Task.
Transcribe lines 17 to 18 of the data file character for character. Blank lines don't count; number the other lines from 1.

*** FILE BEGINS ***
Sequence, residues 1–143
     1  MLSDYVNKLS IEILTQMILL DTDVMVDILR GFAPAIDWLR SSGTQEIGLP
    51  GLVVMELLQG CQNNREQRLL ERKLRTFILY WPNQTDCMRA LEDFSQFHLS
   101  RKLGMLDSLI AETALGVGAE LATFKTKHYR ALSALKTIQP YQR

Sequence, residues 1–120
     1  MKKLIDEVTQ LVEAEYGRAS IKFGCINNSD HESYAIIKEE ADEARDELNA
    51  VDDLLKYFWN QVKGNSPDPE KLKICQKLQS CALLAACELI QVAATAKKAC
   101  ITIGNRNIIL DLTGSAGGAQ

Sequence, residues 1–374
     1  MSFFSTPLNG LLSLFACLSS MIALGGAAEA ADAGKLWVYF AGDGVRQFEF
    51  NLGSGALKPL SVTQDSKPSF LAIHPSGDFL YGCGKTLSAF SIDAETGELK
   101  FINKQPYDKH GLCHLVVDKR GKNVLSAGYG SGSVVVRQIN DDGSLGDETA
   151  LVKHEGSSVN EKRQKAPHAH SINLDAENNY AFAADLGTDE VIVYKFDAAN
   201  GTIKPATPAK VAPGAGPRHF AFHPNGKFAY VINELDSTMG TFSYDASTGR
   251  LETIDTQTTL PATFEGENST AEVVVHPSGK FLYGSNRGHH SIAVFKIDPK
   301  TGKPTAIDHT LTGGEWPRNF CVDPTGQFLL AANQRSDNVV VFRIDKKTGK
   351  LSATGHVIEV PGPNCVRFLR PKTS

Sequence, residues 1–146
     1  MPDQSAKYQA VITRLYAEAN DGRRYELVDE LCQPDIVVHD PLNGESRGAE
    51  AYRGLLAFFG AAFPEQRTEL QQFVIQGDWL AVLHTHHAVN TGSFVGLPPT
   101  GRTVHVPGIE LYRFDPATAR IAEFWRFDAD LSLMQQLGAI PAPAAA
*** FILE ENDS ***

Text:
   351  LSATGHVIEV PGPNCVRFLR PKTS

Sequence, residues 1–146